Need to Shun “Regular” Plans to Grab Advantage of “Direct”

“In year 2012, to increase penetration of mutual fund products and to energize the distribution network, SEBI allowed to levy additional expenses up to 30 basis point on the inflows from beyond top 15 cities.  After more than five years’ regulator has now decided that the additional TER of up to 30 basis points would be allowed for inflows from beyond top 30 cities instead of beyond top 15 cities. The flows from Next 15 cities are study and the range of 5 to 6 percentage of Total assets under management. Again in same year i.e 2012, SEBI mandatorily introduced of Direct & distributor sold plans for each MF scheme.

Since them, popular media often write about direct plan’s superiority in terms higher returns and lower expense over broker sold or regular plans. Kumar Dhirendra (2017) argues about why direct plans are not suitable to naïve investors. Typically, the flowchart shown through figure below depicts investor’s choice to opt for regular plan or direct plan.

Source: Nathan Narendra (2017)

Retail Investors typically do not have abilities about asset allocation, fund selection. This inability coupled up with reluctance towards paying advisory fees push retail investors to opt for regular plans.

Nathan Narendra (2017) shows the average three-year performance differential between direct and regular plan ranges from 0.5 to 4.08 percentage depending on the fund category.

Let us take a hypothetical situation if all retail investors in October 2014, would have remained invested in MF regular products then, they would have lost more than 6000 crore (refer Table below).   

 Type of the product Retail assets under Regular Plan (as on October 2014) Average Higher returns* Monetary loss as on October 2017
 Liquid/ Money Market 2500.98 0.5 12.5049
 Gilt 310 2.46 7.626
 ELSS 26536.19 3.91 1037.565
 Others 114926.67 4.12 4734.979
 Balanced schemes 8011.34 3.7 296.4196
 Total 152285.18 3.99 6089.094
* The difference in the average returns of the direct and regular plans of each category has been used for calculations. Only schemes with AUM of at least Rs 100 crore were considered. Source: Value Research. Figures are as on October 2017.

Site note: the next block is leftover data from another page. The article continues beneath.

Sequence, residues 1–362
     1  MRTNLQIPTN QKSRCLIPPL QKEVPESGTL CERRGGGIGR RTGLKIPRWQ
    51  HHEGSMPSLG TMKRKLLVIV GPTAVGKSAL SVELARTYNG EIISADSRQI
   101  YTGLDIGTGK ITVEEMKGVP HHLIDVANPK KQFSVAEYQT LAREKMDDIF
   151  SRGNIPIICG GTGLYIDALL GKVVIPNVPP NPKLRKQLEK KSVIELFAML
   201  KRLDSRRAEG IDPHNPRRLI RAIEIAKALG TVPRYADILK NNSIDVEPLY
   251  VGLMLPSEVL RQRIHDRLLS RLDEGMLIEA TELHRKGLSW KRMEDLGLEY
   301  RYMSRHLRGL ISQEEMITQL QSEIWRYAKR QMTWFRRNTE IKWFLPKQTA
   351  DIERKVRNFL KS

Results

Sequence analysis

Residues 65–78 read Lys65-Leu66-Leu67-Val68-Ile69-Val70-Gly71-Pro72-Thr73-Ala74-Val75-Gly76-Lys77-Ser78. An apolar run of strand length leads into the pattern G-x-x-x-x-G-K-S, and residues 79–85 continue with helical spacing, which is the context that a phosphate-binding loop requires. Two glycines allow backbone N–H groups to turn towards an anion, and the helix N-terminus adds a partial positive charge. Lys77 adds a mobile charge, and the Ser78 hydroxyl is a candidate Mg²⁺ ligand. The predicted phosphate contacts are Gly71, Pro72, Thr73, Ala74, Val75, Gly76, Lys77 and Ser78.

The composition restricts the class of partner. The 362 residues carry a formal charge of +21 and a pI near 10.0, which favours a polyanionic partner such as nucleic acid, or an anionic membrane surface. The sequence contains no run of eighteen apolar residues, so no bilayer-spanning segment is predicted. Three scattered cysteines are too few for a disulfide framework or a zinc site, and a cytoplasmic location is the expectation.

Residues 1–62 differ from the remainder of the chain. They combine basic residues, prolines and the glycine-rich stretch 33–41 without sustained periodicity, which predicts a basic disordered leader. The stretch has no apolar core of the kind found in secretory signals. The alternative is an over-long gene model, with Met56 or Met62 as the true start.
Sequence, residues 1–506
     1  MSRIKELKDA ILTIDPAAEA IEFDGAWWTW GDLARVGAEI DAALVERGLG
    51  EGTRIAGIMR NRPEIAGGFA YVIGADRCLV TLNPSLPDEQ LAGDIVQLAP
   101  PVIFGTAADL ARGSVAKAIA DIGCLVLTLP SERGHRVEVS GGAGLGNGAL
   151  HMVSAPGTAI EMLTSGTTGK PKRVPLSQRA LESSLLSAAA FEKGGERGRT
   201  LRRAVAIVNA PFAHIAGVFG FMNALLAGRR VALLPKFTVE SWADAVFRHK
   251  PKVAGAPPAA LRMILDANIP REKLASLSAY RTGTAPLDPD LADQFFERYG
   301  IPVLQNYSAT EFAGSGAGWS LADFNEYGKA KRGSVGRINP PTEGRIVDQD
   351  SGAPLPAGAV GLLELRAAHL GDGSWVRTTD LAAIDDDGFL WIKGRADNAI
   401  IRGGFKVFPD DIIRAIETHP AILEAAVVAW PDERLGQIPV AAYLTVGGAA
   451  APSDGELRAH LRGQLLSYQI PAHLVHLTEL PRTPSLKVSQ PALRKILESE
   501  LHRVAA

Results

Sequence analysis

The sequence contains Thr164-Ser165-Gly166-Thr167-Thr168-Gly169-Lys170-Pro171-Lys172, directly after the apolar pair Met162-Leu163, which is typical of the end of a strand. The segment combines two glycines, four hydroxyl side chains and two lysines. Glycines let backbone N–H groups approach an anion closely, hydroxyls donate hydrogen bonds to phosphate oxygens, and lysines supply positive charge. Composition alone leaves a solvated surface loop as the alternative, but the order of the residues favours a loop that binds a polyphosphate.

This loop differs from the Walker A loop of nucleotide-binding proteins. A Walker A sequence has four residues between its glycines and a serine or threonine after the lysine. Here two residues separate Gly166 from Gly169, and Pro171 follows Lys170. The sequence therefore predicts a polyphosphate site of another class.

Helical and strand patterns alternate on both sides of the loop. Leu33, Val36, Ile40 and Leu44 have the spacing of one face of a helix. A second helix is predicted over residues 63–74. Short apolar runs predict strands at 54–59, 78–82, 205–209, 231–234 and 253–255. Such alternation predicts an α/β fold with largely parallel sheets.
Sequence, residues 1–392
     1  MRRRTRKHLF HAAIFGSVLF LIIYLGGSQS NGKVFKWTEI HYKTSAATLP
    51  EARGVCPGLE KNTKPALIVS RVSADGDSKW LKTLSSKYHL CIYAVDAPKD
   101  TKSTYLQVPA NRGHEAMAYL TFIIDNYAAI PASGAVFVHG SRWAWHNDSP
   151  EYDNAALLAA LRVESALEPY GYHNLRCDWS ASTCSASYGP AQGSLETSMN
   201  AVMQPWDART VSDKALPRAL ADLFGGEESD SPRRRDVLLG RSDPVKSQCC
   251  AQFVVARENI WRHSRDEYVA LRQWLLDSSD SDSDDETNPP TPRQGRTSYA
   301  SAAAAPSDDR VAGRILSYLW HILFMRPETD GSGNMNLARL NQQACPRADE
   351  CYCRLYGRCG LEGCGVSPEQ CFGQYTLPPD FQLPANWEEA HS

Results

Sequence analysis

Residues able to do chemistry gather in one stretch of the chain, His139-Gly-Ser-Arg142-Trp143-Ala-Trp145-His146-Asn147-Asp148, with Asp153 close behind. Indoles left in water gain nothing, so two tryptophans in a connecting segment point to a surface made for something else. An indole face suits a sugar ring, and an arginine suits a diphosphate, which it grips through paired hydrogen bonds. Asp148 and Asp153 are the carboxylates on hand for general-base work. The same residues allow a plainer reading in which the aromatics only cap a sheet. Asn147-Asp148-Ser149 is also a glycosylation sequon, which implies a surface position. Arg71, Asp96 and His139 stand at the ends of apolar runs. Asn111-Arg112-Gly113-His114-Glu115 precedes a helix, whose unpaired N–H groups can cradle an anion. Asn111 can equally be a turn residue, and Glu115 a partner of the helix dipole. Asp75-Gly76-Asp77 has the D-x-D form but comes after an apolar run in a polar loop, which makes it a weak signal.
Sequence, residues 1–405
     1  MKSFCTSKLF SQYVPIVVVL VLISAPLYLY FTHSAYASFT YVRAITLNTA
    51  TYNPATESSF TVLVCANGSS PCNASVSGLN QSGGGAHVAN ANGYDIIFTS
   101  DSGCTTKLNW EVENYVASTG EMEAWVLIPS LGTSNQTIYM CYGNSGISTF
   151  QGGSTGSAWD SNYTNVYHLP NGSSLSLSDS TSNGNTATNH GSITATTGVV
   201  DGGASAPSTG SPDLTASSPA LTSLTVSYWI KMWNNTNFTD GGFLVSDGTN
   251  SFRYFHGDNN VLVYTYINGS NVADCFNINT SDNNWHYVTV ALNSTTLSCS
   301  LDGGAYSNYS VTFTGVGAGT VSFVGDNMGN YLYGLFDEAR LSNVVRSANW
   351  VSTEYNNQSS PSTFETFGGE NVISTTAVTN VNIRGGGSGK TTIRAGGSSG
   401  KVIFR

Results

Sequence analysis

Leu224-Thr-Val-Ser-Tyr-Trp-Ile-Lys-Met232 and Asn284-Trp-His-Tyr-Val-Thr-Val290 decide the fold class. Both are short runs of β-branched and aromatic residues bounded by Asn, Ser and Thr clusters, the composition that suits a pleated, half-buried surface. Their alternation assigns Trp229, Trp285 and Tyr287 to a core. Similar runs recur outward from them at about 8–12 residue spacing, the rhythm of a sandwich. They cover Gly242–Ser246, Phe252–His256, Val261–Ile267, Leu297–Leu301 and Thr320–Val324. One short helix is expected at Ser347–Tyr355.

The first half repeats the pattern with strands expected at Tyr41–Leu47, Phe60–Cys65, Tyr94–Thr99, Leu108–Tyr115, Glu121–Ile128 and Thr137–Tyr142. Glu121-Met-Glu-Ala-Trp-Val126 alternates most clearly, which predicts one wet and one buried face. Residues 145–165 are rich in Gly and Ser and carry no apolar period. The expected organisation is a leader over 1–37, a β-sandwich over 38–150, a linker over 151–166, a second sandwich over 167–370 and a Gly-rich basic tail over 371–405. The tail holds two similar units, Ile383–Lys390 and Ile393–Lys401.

The corresponding figures for corporate investors and HNIs are INR 1833 crore and INR 3787 crores.  The retail investors are biggest looser.

 I will not deny importance of regular plans in underdeveloped (in terms of awareness, infrastructure) markets. 

It is right time to stop selling regular plans in Top 15 or at least in top 5 cities. The ecosystem needed for direct plans is ready due to eKYC, mutual fund portals, trading platforms like MF Utility, platforms from exchanges, etc. The step will be pro investor in long run. Typically, an investor loose by investing in regular plans. Though there are some intermediaries offering direct plans through fee based model but the moot point is retail investor’s unwilling to pay fees. But a campaign like “Mutual Fund sahihai” can create a traction in the category then just extrapolate about another campaign on the lines of “paying advisory fees is right”

Though this step will be considered very bold. But “banning entry load” in Mutual fund industry was also very bold step taken in the past by SEBI.

Certainly MF companies will resist. Rather MF companies are busy in creating novel ideas to incentivize channel members (Do read a news in Business Line titled “Breach of trust” or follow the link https://www.thehindubusinessline.com/opinion/editorial/breach-of-trust/article24565478.ece).

The key is regulator’s volition.

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